From left, Moe Moe Tun, Shwe Win, Kyaw Thet, Than Htay Aung, and Zaw Bo Khant at a press conference on the launch of Myanmar EITI reports in Yangon(Photo- Khine Kyaw, Myanmar Eleven).
IN an effort to improve transparency and good governance in extractive industries such as mining, gems and jade, oil and gas, Myanmar on Thursday launched two reports on its extractive industries. “These reports were prepared to strengthen the implementation of the Extractive Industries Transparency Initiative (EITI) in Myanmar. We are eager to make all our extractive sectors responsible and transparent so the nation can generate more income for the good of the people,” said KyawThet, deputy director general at the Department of Mining and government representative of Myanmar EITI Multi-stakeholder Group (MSG).
He believes Myanmar would yield a good result in the validation process which will start from July 1.
“For our country, it is a very important process to become a compliant country for EITI. We are now preparing to develop the Open Data Policy which was described in EITI Standard 2016,” he said. “Since we began our efforts to join this initiative a few years ago, we have set our heart on having good governance in every single company that is doing business in all the extractive industries here. For developed nations like the United States and the United Kingdom, their institutions are strong enough and well-established so they do not need to be involved in the initiative. But on the contrary, we need to be active in this regard.”
He admitted it was really hard to lure companies to be actively involved in the EITI process, as there was no mandatory regulation for that. Yet, he seems proud to manage to finalise the reports within seven months.
“We want to cover all the extractive companies across the nation. But quite a few of them were involved. Some companies refused to take part in our research works, provided that it is not mandatory. Anyhow, we managed to cover all the major companies here,” he said.
He sees a lot of improvements in the two reports which emphasised on two fiscal years (FY2014-15 and FY2015-16), when compared to the nation’s first EITI report in December 2015. He says the EITI process bears fruit, citing Transparency International’s annual corruption perception index in which Myanmar ranked 130th in the world, improving much from its previous ranking of 172th.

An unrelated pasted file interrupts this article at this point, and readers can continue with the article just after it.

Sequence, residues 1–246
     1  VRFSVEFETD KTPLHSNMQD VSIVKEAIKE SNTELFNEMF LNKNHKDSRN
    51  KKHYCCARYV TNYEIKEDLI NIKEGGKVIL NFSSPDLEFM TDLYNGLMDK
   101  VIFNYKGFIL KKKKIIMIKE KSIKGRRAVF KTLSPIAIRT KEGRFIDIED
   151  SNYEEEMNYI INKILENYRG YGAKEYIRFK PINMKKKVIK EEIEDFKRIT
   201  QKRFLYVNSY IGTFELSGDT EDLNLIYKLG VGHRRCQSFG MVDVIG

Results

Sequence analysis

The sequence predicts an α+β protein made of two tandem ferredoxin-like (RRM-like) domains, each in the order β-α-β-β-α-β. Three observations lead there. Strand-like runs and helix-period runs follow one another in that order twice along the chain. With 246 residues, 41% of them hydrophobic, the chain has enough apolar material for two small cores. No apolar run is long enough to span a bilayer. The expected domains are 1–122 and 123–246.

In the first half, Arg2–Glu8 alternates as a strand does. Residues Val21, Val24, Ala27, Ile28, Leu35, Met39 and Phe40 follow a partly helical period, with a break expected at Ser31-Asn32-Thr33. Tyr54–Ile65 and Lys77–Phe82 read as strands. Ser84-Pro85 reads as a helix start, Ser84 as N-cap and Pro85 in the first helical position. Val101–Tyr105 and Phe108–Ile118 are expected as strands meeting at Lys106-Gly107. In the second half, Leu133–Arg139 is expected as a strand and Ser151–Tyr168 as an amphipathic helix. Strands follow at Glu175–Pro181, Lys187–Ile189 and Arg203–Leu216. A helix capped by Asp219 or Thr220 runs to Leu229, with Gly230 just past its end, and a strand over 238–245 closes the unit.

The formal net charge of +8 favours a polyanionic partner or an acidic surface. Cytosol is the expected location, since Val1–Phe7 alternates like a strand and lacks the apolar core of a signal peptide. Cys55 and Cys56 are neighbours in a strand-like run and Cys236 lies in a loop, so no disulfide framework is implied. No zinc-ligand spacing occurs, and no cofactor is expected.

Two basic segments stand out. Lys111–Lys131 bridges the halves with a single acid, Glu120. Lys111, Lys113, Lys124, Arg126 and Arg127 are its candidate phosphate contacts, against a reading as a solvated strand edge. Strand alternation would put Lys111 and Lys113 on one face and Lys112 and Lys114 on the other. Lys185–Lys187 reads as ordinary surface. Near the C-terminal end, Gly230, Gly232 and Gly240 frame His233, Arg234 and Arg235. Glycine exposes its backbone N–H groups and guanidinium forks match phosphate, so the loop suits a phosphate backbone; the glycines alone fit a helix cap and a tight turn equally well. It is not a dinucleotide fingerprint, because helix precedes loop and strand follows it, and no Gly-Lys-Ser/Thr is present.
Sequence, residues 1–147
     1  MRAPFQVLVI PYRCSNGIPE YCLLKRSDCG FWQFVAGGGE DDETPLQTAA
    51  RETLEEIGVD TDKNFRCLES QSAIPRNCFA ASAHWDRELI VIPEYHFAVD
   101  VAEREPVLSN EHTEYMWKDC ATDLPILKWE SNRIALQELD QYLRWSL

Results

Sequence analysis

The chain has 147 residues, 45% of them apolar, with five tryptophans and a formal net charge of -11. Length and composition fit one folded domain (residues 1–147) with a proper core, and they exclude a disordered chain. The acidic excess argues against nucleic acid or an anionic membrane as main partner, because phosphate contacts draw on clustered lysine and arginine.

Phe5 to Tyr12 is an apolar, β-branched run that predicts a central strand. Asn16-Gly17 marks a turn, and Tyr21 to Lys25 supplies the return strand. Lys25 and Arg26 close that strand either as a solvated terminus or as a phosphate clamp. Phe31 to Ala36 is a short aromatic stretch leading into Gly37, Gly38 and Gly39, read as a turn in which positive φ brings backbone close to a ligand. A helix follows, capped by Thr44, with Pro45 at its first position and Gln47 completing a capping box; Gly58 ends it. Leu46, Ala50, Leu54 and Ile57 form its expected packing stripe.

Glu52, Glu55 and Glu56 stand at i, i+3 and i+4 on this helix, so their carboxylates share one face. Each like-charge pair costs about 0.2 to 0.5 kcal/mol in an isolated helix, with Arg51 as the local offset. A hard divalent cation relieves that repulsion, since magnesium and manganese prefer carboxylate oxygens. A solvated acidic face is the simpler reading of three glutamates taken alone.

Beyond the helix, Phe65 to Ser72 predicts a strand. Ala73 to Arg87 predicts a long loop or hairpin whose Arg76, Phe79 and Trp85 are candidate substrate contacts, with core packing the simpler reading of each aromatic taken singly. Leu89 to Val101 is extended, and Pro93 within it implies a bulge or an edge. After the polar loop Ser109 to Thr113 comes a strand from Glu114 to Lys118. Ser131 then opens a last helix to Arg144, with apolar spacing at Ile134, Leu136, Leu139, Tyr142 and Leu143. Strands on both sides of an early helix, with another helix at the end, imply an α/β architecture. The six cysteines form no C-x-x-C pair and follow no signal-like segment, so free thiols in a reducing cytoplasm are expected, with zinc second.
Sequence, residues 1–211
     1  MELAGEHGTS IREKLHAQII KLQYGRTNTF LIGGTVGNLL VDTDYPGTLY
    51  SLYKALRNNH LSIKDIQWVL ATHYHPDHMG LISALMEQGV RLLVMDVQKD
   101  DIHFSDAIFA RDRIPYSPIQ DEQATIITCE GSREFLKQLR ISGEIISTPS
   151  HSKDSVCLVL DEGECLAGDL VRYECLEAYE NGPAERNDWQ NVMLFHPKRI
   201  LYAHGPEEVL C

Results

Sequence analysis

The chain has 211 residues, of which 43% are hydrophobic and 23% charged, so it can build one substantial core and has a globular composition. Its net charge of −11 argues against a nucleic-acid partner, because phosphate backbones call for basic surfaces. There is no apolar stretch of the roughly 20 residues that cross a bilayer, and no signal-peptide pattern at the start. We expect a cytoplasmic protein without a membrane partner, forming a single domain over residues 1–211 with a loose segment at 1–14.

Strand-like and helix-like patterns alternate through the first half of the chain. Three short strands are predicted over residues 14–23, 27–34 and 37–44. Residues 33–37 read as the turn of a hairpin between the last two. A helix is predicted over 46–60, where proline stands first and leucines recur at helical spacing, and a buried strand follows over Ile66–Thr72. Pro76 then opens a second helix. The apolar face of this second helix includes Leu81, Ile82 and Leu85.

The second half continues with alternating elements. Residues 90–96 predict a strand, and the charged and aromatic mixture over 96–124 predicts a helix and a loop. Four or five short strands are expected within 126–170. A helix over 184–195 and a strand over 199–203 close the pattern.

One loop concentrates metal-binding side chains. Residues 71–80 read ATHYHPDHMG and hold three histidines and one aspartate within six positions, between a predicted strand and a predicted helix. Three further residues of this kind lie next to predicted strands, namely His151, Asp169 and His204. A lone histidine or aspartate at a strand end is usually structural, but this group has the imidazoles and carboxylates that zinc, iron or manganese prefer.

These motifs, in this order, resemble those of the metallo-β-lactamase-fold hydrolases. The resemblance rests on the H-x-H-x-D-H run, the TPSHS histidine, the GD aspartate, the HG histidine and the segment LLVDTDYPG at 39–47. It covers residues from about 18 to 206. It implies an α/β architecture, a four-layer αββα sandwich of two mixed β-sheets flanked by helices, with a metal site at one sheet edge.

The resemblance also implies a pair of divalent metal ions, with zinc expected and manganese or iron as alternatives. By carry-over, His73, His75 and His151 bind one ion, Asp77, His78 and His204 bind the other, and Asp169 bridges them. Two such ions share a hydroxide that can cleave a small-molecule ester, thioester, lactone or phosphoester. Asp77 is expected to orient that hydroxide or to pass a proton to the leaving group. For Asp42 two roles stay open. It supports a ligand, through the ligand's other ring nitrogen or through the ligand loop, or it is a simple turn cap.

Open data portal
“We are on the right track, provided that we have planned to launch a transparent open data portal next month and will implement, in cooperation with the Ministry of Natural Resources and Environmental Conservation, a mineral and gemstone cadaster this year,” he said.
Additionally, Myanmar will launch an initial report on beneficial ownership in collaboration with voluntary companies next month. In support of the EITI process, sub-national coordination units have been established in Tanintharyi and Mandalay regions and will also form in four more regions and States -Magwe, Sagaing, Shan and Rakhine.
Moe MoeTun, central executive member of Myanmar Alliance for Transparency and Accountability and member of MSG, said the initiative could help reduce environmental impacts caused by extraction of natural resources. “We cannot deny that extractive industries may harm the environment. Obviously, we can see negative impacts in Hpa-kant. Most of the gem blocks are controlled by the military. People need to be aware of State-owned enterprises and military-run businesses. Whether the military should be actively involved in commercial activities should be a serious question raised by our citizens,” she said. Zaw Bo Khant, vice chairman of Myanmar Gems and Jade Enterprise Association, said the authorities should ban inactive companies from extraction of the resources.
“It is very easy to establish a company here, if there are two or more directors in the management. There are over 4,000 companies in the gems and jade sector, and a lot of them apply for the blocks for extraction. But many of them become inactive and cannot do any extraction because it costs a fortune to do so. This is a big problem here,” he said.